David C. Hughes, Writer

“For the LORD your God will bless you in all your harvest and in all the work of your hands, and your JOY will be complete." –Deuteronomy 16:15

Archive for the tag “Gardening”

Life Began in a Garden (2014-06-04 Daily) [2 of 2]

Thriving!  In fact, the volunteer cantaloupes and pumpkins look healthier, are sturdier, and exude greens deeper and fuller than the cantaloupes and pumpkins I deliberately planted.  As I strive to grow organically, none of the plants, neither compartmentalized nor non-compartmentalized, have received any applications of fertilizer other than compost or chicken manure.  But all are blessed under God’s loving hand of provision.

As I took in this revelation I thought about the parable of the prodigal son, how God blessed not only the son who remained faithful to his father but the one who sowed his wild oats for a season and returned home.  Aren’t we all prodigal sons and reckless daughters?  Haven’t we all strayed from God’s path and precepts to one degree or another, yet He continues to pour out His mercy on us regardless of the soil we’ve chosen to root ourselves in?

As I sat on the weatherproof couch I listened closer to the garden’s meaning, breathing in the perennials–the artichokes we planted from seed three years ago and which started yielding their oversized thistle flowers last season.  And the asparagus.  Ah, the asparagus!  When it comes to perseverance in the plant kingdom, I rank asparagus right up there with Bermuda grass and henbit.  We planted five asparagus root balls six years ago on a whim–Mary and I saw them at Lowes one late winter day and decided, “What the heck?”  We dug holes in the sticky black gumbo, dumped them in, smeared the clay back over the root balls looking strangely like dried octopi, and hoped for the best.  Soon tiny sprouts no larger than the diameter of a pencil poked their round noses above the soil.  I think we harvested three or four sprigs that year.  It was pitiful.

My mother-in-law had informed me that asparagus patches can take up to five years to begin yielding appreciable amounts of stalks, so in my discouragement I did what every impatient gardener does: I plowed the patch under.  Too bad, so sad.

Next spring I re-plowed the garden to prepare it for that year’s planting, and as I worked the soil I noticed something astonishing: asparagus shoots were sprouting from the same five root balls in the same five holes we had planted the previous year.  Two eighteen-inch-deep cultivations hadn’t disturbed them in the least.  I figured anything that insistent deserved to be left alone and I haven’t touched them since, other than to harvest sprigs in the early spring.  Over the years the asparagus has produced more abundantly, and the sprigs are now as thick as my thumb, the fronds as tall as I am.  It’s a veritable jungle in our asparagus patch, a testament to persistence and God’s grace.

I took another sip of wine and squinted at the yellowed, withered, stunted cantaloupes and crook-necked squash poking out of the patch of garden where I used chicken manure for the first time.  Apparently I didn’t allow the chicken droppings to mellow long enough, resulting in soil nitrogen levels exceeding the plants’ tolerance.  Looking at those stunted cantaloupe and yellow squash seedlings reminded me of something both silly and serious: when we wallow in negativity, when we participate in gossip, when we argue for the sake of winning rather than compromising, when we keep our feet planted in the poop life throws at us, we end up withered, yellowed, and stunted spiritually, if not, eventually, physically.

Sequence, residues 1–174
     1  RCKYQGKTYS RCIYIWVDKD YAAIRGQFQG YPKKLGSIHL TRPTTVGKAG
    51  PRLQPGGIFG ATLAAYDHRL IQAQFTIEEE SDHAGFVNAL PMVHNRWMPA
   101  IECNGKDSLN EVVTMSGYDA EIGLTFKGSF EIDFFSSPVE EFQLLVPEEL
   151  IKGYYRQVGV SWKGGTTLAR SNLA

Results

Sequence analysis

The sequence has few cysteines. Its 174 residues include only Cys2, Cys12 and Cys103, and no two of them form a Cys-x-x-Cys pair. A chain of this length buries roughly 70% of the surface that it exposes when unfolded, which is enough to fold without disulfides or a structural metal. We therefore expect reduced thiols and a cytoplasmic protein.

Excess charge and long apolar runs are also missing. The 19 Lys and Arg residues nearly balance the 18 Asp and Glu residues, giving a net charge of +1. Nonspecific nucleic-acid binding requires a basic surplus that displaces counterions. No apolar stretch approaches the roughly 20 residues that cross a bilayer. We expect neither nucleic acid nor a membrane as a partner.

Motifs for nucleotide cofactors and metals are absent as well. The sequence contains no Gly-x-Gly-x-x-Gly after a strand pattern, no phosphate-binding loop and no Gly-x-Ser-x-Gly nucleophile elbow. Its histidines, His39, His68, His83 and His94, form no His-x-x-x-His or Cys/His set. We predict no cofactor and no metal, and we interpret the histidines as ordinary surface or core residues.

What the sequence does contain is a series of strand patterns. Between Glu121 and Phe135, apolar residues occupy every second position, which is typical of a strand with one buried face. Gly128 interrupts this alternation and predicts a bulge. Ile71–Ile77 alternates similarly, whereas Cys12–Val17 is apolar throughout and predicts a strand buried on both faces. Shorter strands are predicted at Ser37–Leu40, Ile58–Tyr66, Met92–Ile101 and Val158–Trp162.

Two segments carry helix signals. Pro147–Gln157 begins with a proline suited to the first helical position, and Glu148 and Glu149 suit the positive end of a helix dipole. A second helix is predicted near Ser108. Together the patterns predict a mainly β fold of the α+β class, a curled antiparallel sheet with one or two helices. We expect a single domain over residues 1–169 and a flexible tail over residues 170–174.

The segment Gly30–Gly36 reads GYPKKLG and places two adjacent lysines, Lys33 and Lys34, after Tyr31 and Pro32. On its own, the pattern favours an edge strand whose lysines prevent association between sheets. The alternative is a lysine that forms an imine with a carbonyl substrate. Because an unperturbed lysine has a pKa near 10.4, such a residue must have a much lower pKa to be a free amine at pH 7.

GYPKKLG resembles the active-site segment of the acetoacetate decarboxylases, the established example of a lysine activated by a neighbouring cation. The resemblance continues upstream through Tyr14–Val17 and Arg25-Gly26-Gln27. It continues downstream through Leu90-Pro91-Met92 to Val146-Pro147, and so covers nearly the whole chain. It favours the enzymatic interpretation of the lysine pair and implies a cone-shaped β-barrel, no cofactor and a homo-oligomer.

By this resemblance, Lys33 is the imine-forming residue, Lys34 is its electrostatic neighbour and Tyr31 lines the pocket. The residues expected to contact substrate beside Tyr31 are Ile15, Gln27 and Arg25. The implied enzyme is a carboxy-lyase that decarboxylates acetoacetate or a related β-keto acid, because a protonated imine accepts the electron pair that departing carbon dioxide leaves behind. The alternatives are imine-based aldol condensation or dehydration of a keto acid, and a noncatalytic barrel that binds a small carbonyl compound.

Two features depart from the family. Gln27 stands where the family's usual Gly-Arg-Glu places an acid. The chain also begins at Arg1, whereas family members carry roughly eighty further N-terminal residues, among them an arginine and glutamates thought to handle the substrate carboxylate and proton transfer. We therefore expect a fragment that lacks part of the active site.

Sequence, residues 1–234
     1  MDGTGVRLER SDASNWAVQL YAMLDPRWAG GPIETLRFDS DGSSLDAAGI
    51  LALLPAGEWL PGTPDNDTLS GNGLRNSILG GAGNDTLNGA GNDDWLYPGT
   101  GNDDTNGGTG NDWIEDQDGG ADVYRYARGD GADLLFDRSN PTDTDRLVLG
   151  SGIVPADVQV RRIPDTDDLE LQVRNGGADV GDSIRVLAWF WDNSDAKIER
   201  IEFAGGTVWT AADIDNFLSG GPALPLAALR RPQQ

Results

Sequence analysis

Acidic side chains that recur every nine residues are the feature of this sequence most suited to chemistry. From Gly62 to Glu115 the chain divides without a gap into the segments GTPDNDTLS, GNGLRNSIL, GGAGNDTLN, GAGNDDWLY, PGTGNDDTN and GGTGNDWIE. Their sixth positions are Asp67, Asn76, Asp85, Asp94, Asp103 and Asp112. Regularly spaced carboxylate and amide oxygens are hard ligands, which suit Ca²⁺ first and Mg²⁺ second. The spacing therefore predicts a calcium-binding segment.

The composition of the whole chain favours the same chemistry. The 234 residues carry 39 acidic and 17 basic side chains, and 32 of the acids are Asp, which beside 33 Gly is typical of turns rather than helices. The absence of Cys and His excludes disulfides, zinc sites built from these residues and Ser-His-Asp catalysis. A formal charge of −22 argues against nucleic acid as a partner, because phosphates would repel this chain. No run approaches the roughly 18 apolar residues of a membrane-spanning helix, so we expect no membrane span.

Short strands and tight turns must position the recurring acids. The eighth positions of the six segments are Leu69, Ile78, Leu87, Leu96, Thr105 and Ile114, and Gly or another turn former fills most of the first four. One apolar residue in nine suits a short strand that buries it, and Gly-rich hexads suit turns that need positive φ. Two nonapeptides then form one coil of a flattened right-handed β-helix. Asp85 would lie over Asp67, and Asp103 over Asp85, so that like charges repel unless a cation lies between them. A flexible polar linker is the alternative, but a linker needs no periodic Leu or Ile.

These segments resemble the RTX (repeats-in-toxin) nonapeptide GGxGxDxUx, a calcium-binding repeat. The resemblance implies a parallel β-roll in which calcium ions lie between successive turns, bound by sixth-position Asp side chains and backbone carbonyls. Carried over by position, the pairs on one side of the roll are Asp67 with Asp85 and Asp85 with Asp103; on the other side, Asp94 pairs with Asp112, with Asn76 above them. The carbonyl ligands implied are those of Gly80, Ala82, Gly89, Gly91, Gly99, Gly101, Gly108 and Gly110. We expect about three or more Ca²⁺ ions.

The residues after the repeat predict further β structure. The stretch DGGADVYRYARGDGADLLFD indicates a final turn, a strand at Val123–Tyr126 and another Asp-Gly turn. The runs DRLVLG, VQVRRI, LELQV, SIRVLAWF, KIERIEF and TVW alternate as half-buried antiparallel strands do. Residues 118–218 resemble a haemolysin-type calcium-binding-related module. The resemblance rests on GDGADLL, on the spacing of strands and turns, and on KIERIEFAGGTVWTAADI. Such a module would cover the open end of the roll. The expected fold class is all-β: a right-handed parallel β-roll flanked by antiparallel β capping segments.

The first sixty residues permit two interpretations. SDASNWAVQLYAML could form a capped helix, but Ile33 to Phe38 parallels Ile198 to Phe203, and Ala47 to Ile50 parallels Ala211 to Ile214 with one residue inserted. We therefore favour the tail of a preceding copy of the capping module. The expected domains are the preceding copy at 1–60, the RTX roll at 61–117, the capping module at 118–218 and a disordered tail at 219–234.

“A garden isn’t meant to be useful.  It’s for joy,” said Rumer Godden.  But what does a garden really do?  It’s hard work, but, like writing, it’s in my blood and I do it because it’s not only enjoyable, but because it’s cleansing.  Like the Beloved after the fight with his new wife in the Song of Solomon, he went to the garden to cool down, because a garden heals, a garden lifts up, a garden is hope in physical form, faith demonstrated, love revealed.  A garden demonstrates the amazing reverse of decay and the persistence of life, entropy’s counter-punch.  It shows the magic of compost, of table scraps turned into soil, of the total interdependence of plants and insects and humans.  Of God’s provision.

I set my now-empty wine glass on the settee pillow and turned my thoughts toward my life and to the responsibilities and the opportunities with which God has entrusted me.  I sat quietly, patiently as the garden silently grew under the North Texas sun, the West Texas wind, and God’s hand of grace.  There’s nothing fast about a garden.  I listened to the birds, felt the warmth of the wind on my skin, absorbed the sun, rested…and appreciated….

 

Oh, Adam was a gardener, and God who made him sees

That half a proper gardener’s work is done upon his knees,

So when your work is finished, you can wash your hands and

     pray

For the Glory of the Garden, that it may not pass away!

– Rudyard Kipling, The Glory of the Garden

 

-THE END-

 

Copyright ©2014 by David C. Hughes

Life Began in a Garden (2014-05-30 Daily) [1 of 2]

LIFE BEGAN IN A GARDEN

by

David C. Hughes

 

If you want to be happy for a lifetime, plant a garden.

-Chinese Proverb

 

From the top of the door frame leading to our back yard hangs a wind chime.  Inside the house.  What a wind chime is doing inside the house only Mary knows, but it’s a beautiful work of art.  A cross sporting a maroon heart, an orange button, and a hand-painted bumblebee dangles from a shiny silver “S” shaped hook.  Below the cross hangs a flowery sky-blue rectangular plaque attached with two rusty coils.  “Life began in a Garden,” the small plaque proclaims.